Amazon Accused of 'False Imprisonment' After Delivery Van Double Parks for 3 Minutes

A lawyer from Hull, Massachusetts, is suing Amazon for false imprisonment after one of the company's vans allegedly blocked his car for "approximately two to three minutes" while making a delivery. The lawsuit was filed on September 24 by the Superior Court of Plymouth County.

Amazon prime van
A Massachusetts man is suing Amazon after one of its van blocked his car for two to three minutes. In this photo, an Amazon delivery van is seen parked in downtown Chicago in April 2019. Getty Images/Intermin Archives

The lawyer, Matthew Donnelly, said he was working as a ride-share driver when the alleged incident occurred on September 7. He is seeking $150,000 for the "loss of his personal freedom of movement and ability to conduct his business for an appreciable amount of time together with stress, anxiety, apprehension and humiliation," according to court documents.

According to Donnelly, he informed the driver of the van of the situation and pointed out there was "plenty of room in the parking lot for the van." The driver allegedly told Donnelly he'd have to "wait a couple of minutes."

Donnelly wrote in his complaint to the court that he asked a second Amazon worker who was sitting in van's passenger seat to move the vehicle. That man refused to move the van and also told Donnelly to wait, according to the court documents.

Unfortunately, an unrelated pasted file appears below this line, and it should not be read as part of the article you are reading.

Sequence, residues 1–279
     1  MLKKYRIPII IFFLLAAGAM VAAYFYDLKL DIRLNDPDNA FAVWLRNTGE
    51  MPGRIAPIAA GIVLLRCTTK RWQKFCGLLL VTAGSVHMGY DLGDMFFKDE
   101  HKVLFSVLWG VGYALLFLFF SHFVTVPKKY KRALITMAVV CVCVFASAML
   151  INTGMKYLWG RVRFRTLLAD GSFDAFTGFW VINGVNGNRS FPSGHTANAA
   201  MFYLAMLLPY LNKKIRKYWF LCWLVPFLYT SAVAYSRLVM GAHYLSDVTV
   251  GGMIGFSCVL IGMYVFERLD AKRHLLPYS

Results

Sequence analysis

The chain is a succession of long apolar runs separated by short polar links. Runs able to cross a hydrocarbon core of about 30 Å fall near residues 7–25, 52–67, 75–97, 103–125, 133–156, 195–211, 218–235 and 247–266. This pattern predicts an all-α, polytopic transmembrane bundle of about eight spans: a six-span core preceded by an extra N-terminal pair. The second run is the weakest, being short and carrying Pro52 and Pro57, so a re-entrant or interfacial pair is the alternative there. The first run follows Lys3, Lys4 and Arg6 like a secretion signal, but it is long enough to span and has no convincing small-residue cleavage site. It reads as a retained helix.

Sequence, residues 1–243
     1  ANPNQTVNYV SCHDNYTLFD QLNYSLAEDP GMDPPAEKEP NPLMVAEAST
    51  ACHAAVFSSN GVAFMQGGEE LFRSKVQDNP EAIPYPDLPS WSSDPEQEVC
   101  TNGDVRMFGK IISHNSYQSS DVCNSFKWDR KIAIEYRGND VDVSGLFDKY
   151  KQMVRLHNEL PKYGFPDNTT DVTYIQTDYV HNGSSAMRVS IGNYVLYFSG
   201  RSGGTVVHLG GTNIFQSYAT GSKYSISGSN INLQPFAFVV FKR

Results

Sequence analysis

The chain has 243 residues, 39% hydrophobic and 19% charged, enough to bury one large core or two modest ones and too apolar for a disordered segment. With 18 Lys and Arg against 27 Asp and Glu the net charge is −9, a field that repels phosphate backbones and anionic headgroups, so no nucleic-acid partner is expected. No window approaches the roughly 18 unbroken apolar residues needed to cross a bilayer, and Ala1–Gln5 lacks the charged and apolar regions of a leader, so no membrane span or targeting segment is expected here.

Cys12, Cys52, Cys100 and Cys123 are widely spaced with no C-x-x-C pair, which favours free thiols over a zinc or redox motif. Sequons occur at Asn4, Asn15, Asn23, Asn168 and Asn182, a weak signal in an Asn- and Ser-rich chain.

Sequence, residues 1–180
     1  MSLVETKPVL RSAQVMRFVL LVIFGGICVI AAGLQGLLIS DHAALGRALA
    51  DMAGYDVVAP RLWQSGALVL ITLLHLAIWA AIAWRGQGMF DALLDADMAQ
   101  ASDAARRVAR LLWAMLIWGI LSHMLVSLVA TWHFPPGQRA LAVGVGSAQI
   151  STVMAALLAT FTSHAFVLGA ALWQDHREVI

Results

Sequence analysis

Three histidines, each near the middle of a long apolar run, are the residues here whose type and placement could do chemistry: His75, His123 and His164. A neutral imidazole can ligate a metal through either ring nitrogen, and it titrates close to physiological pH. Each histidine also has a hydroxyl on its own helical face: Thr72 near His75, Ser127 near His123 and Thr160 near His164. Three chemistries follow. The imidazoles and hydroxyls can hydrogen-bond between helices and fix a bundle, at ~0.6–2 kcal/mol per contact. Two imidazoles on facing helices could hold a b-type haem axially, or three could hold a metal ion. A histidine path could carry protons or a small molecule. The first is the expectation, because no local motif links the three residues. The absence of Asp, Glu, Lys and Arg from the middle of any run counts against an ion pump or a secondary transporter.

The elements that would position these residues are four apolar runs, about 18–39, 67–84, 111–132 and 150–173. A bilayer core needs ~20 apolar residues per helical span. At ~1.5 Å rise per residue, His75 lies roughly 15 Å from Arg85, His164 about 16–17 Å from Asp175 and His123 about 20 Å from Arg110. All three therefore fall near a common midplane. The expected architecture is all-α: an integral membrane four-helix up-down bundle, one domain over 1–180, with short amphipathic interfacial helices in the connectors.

When the driver came out from the restaurant, Donnelly told him of his intent to file complaint against Amazon, according to the court documents. He alleged the driver "responded, 'My boss won't give a f*****g s**t,' and the two mocked Donnelly in front of his passenger as they departed."

Donnelly is representing himself. He is suing the two Amazon employees for a "civil conspiracy to commit an unlawful act"; Amazon for its liability for employing the two drivers; and Amazon and the two employees for wrongfully imprisoning him.

The Patriot Ledger reported that the Legal Information Institute at the Cornell Law School defines false imprisonment as confining a "plaintiff without the plaintiff's consent and without authority of law." According to Cornell, this includes confining someone in a manner in which the"means of escaping will result in the risk of physical harm to the detainee."

Court dates have not been set, and Amazon has not filed a response, according to The Patriot Ledger.

Donnelly's complaint comes as another Massachusetts man recently filed suit against Amazon. On September 24, Joseph Graziano of Milford sued the company and several of its distribution partners after a January crash with an Amazon delivery truck allegedly left him with severe arm, head and leg injuries.

The Amazon delivery driver involved in the crash with Graziano had allegedly fallen asleep while driving.

Newsweek contacted Amazon for comment regarding Matthew Donnelly's lawsuit but did not hear back in time for publication.